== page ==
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The Iron Lady - LOSS ... of POWER and DENIS

LOSS ... of POWER and DENIS (Illustration) Biographies Famous Historical Events Famous People Government History Social Studies World History Film

Before she became Prime Minister, Margaret Thatcher leased a flat at Scotney Castle, in Kent.  She and her family (husband Denis and twins, Carol and Mark) are at Scotney in this March, 1979 photo.  Image online, courtesy Margaret Thatcher Foundation.

 

Even worse than the poll-tax issue, the Prime Minister faced strong disagreements within her own cabinet.  What was Britain's role in Europe?  Should the UK participate in a common European currency?  Mrs. Thatcher desired to retain the British pound sterling; others favored the Euro. 

Geoffrey Howe was a Euro supporter.  When he resigned, Margaret lost an important member of her cabinet.  He had been her longest-serving colleague - Deputy Prime Minister and Head of the House of Commons, at the time, and formerly Chancellor and Foreign Secretary. 

It was Howe who'd stood by her when the Prime Minister wanted to fight inflation.  It was Howe who helped her achieve many goals, among them:

Thatcher wanted the downtrodden to be liberated; she had little time for the undeserving rich.

Although they'd had disagreements on topics, especially in recent years, Howe thought he could best serve his country by remaining in the cabinet.  However, when the Prime Minister gave a speech in the Commons - on October 30, 1990 - decrying the very idea that Britain would join the European currency, Howe decided he had to resign.  Watching his body language, on a video clip of that speech, one can sense his consternation.

Days later - on the 1st of November, 1990 - Sir Geoffrey told Margaret he was leaving.  When others said their disagreement was over style, not substance, Howe decided to clarify his departure by making a speech in the House of Commons.  It was that speech, delivered on the 13th of November, which challenged Mrs. Thatcher's ongoing premiership.

Making his points, Howe finished his comments with these words:

The time has come for others to consider their own response to the tragic conflict of loyalties with which I have myself wrestled for perhaps too long.  (House of Commons, see Column 465.)

Those sentiments prompted Michael Heseltine - someone whom Margaret Thatcher then-held in low esteem - to challenge the Prime Minister for leadership of the Conservative Party. 

The British system, parenthetically, is unlike the American way of selecting the country’s top leader.  In the US, the national electorate votes for a specific person.  In Britain, the people vote for a specific party - and the party leaders determine who leads the party.  Whoever leads the winning party becomes Prime Minister.

When the Tory (conservative) leadership votes were cast, soon after Howe's speech, Mrs. Thatcher was ahead - but not enough to win outright.  The rules required that she needed a 15% majority.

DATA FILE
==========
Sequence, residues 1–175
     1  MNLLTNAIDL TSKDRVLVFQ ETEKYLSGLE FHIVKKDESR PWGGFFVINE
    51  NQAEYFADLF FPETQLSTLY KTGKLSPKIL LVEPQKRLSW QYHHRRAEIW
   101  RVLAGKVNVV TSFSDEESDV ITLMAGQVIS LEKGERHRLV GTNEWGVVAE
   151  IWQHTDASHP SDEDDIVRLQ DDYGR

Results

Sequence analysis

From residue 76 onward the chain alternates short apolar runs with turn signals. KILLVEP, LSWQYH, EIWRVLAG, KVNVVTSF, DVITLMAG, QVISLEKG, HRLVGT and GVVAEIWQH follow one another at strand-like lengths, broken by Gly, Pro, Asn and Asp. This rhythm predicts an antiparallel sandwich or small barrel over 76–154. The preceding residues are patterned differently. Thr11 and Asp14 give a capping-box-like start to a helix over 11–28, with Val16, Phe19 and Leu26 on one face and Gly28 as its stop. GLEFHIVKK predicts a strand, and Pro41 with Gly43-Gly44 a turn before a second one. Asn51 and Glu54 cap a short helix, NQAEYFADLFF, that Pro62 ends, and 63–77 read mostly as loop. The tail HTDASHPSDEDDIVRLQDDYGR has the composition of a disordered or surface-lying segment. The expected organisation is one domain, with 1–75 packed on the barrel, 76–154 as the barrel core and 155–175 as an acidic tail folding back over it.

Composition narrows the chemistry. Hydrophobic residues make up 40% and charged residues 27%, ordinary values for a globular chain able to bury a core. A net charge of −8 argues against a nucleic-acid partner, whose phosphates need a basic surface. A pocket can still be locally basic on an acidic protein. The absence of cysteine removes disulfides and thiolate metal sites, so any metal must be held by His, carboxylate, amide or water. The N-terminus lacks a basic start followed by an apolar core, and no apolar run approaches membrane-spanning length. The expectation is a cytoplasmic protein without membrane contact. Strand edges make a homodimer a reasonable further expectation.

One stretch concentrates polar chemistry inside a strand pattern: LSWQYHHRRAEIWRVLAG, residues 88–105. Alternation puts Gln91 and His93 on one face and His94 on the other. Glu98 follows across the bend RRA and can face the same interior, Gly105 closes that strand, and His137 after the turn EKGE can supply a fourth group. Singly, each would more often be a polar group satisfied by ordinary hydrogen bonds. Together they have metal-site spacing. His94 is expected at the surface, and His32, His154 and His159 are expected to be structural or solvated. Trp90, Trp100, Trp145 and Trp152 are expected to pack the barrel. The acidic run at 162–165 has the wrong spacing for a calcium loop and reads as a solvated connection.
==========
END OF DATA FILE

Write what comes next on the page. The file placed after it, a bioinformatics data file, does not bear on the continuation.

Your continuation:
Considering whether to stay in the fight, for the coming second ballot, Denis advised his wife to resign.  He did not want to see her humiliated by people he no longer trusted.

Mrs. Thatcher did resign, then gave a speech in the House to succesfully defeat a no-confidence vote (of the government) which the Labour-Party leader had raised.  Thereafter, she lobbied for John Major to take over as Prime Minister.  She won that battle, responded to her last "Prime Minister's Question Time" and bid an emotional farewell to the gathered crowds at Number 10. 

The sting of defeat was difficult for her.  As she often said:

My own cabinet did what the Labour Party was never able to do - defeat me.

Denis was generally in good health until he needed heart-bypass surgery, in early 2003.  After recuperating, he traveled in Africa, with Mark. 

Although no one realized it, Denis also had pancreatic cancer.  Weeks after learning about his fatal ailment, he slipped into a coma and died on June 26, 2003.   "Distraught" with grief at his loss, Margaret was holding his hand when he died.

Of Margaret, Denis said:

For 40 years I have been married to one of the greatest women the world has ever produced. All I could give - small as it may be - was love and loyalty.

Of Dennis, Margaret said:

...there is just Denis and me, and I could not do without him.

A popular consort, for the Prime Minister, Denis was the subject of an ongoing spoof - published in Private Eye - called "Dear Bill" (first published on May 18, 1979). 

Based (ostensibly) on his longstanding friendship with Bill Deedes, the "Dear Bill" letters allowed journalist Richard Ingrams, and satirist John Wells, to speculate what Denis was really thinking and saying about all kinds of subjects.  With the passage of time, even Denis became fond of them.

Later, his friends - Deedes, Ingrams, "Crawfie" (Cynthia Crawford) and others - described Denis (and how he viewed his role as the Prime Minister's consort).  He was willing to put-up with much - even wearing a pink turban in India - but he would not put-up with media interviews. 

He refused to ever "sit down with" journalists - whom he often called "reptiles" - except for his own daughter.

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Author: Carole D. Bos, J.D. 5124stories and lessons created

Original Release: Jan 01, 2012

Updated Last Revision: Jan 10, 2016


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"LOSS ... of POWER and DENIS" AwesomeStories.com. Jan 01, 2012. Oct 23, 2017.
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